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I am playing around with some reflection in Objective C (iOS app) and building a customized testing environment, and I am trying to get a list of classes that I have created in my project, so I can iterate over these and look for certain method declarations by using reflection.

My problem is to retrieve that list. I do not want to manually type in each class into a list or some static field in my reflection class, but instead let it be generic for any project.

The list could be a list of class names, or objects of the type Class.

I did manage to find the objc_getClassList() function in the documentation:
But this creates a list of ALL classes, and I wouldn't be able to determine which are user defined and which are not. I have tried to seek guidance around the Internet, but without luck finding an answer or similar question.

Any help is appreciated!

Now I also tried to use objc_copyImageNames() in hope that I would be able to find my project as an image, and then use objc_copyClassNamesForImage() to get the list, but with no luck as the project is not considered an image, Worth a shoot I guess.

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You might try calling class_getVersion and seeing if you can do something with that. – Hot Licks Nov 17 '13 at 15:11
And if your user classes are well-behaved you can eliminate all UI and NS classes, and maybe one or two other prefixes. – Hot Licks Nov 17 '13 at 15:12

2 Answers 2

up vote 4 down vote accepted

You could use the code from the objc_getClassList() documentation and check each class with [NSBundle bundleForClass:class] if it is defined in your application:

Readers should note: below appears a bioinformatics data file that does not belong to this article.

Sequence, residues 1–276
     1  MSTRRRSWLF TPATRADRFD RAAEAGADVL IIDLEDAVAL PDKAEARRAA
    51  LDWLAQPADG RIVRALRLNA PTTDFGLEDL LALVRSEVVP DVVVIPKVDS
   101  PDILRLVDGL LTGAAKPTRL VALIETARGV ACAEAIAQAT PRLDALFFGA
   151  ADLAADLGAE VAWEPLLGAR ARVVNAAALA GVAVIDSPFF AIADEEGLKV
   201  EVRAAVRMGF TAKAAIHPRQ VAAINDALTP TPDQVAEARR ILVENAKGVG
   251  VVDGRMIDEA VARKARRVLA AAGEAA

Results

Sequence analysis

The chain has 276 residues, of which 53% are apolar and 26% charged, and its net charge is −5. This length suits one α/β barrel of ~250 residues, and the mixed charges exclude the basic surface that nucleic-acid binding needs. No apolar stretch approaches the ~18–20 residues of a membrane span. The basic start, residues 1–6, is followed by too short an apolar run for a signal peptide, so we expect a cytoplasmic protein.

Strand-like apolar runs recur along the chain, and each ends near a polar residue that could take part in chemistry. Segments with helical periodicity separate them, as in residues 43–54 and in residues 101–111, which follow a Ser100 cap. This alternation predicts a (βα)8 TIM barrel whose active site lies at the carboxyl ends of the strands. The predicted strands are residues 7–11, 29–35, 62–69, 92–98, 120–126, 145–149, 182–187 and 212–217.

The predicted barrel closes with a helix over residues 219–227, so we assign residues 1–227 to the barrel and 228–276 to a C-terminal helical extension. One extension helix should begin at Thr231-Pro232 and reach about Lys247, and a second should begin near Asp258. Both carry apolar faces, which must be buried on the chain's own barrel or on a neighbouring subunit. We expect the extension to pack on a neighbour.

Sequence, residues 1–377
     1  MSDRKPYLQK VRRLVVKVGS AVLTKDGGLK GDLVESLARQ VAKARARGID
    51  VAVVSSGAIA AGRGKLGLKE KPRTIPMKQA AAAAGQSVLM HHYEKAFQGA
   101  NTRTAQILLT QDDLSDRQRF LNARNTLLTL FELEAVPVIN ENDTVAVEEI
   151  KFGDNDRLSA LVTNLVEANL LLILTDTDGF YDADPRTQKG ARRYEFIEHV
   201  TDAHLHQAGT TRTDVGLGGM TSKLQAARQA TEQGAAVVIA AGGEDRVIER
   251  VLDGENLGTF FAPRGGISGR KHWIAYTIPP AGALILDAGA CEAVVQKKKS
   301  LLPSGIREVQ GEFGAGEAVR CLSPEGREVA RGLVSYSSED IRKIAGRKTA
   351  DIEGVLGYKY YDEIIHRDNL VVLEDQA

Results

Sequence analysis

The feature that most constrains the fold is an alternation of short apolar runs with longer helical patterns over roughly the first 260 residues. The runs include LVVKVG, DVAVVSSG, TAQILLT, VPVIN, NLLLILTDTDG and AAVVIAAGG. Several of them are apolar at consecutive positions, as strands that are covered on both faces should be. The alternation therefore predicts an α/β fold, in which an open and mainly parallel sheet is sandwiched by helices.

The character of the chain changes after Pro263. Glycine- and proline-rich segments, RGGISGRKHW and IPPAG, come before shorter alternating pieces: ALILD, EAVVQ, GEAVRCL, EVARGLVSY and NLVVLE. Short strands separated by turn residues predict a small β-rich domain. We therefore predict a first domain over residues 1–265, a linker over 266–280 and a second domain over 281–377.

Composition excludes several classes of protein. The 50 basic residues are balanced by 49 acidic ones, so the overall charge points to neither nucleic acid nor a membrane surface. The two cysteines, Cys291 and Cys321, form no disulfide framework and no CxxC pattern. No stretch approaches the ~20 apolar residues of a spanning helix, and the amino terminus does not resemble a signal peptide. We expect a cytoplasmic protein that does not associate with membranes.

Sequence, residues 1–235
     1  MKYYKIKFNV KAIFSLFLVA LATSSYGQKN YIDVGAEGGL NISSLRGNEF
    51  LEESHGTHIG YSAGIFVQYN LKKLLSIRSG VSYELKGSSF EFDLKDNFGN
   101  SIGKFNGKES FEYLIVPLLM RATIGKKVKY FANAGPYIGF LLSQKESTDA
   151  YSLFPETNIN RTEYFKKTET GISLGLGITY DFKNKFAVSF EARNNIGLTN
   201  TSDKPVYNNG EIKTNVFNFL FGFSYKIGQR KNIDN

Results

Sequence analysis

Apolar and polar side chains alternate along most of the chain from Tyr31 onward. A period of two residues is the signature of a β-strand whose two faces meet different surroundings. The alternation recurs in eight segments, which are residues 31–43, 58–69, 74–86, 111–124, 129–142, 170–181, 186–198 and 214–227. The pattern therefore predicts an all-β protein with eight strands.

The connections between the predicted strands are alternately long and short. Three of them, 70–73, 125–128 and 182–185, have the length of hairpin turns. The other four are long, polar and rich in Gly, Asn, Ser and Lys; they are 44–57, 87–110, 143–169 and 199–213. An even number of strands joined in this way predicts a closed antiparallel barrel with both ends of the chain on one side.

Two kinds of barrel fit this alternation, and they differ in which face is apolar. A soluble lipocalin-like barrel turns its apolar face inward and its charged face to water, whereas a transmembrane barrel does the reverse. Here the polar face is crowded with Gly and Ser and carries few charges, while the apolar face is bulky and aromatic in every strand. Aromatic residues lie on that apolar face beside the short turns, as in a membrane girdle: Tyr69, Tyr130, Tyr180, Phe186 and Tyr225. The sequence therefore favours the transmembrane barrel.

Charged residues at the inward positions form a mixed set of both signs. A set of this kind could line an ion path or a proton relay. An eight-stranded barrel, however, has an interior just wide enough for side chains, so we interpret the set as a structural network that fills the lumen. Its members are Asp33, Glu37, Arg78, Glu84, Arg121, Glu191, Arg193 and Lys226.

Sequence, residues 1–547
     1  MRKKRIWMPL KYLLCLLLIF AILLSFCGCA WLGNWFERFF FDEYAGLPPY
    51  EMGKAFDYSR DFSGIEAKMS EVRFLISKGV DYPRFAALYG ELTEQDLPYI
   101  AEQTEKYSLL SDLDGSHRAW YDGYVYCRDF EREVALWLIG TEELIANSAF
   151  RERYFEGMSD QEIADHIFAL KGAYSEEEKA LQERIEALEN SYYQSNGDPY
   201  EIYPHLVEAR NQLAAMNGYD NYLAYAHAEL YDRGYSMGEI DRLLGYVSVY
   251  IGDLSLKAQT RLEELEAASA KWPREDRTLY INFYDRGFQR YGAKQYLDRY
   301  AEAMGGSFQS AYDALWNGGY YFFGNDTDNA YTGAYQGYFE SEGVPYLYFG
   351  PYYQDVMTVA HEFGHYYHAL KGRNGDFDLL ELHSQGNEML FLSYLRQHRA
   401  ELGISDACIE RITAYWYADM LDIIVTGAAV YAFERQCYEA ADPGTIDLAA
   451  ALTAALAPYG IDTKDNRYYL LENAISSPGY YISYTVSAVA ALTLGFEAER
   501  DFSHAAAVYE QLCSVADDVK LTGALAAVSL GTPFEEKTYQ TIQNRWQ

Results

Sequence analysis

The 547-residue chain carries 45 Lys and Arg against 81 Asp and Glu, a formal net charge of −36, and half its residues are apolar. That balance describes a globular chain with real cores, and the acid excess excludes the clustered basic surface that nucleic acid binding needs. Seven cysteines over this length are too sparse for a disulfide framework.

int numClasses;
Class * classes = NULL;

classes = NULL;
numClasses = objc_getClassList(NULL, 0);

if (numClasses > 0 )
    classes = (__unsafe_unretained Class *)malloc(sizeof(Class) * numClasses);
    numClasses = objc_getClassList(classes, numClasses);
    for (int i = 0; i < numClasses; i++) {
        Class c = classes[i];
        NSBundle *b = [NSBundle bundleForClass:c];
        if (b == [NSBundle mainBundle]) {
            NSLog(@"%s", class_getName(c));
            // ...
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Nice, this gets me most of the way, although all the Cocos2D files are still present. I will investigate the NSBundle class further. – ArniDat Nov 17 '13 at 15:30
On another note, why do you cast the pointer from malloc with __unsafe_unretained ? – ArniDat Nov 17 '13 at 15:30
@ArniDat: The cast is necessary if you compile with ARC, otherwise the compiler will complain about an invalid conversion of void *. – Martin R Nov 17 '13 at 15:37
@ArniDat: The Cocos2D classes are defined in your bundle, so the runtime makes no difference between Cocos2D classes and other classes that you defined. Checking the class name (from class_getName(c)) as Hot Licks suggested above might help. – Martin R Nov 17 '13 at 15:43
Ah al right, thanks for the clarification. If anyone is curious; I decided to let the user specify a class-name-prefix and then compare the prefix to the resulting list of classes. This still does not guarantee that only my classes are run, but does limit the 'error'-rate a great bunch. – ArniDat Nov 18 '13 at 10:44

If you're working on a library, than I would suggest creating a custom class, that would keep a list of other classes.

// XYZLibRegister.h

@interface XYZLibRegister : NSObject

@property (nonatomic, copy, readonly) NSArray *classArray;

+ (void)registerClassNameString:(NSString *)clsNameString;


Add a static NSMutableArray in .m file and initialize it in + (void)load method.

// XYZLibRegister.m

NSMutableArray *classArray;

@implementation XYZLibRegister

- (void)classArray
    return [NSArray arrayWithArray:classArray];

+ (void)load
    classArray = [[NSMutableArray alloc] init];

+ (void)registerClassNameString:(NSString *)clsNameString
    [classArray addObject:clsNameString];


Then you could use it in your library classes, hiding that in your .m files.

// XYZYourClass.m

#include "XYZLibRegister.h"

@implementation XYZYourClass

+ (void)load
    [XYZLibRegister registerClassNameString:NSStringFromClass([this class])];


Now you can use XYZLibRegister class as your library register.

I'd also suggest you to study NSObject Class Reference.

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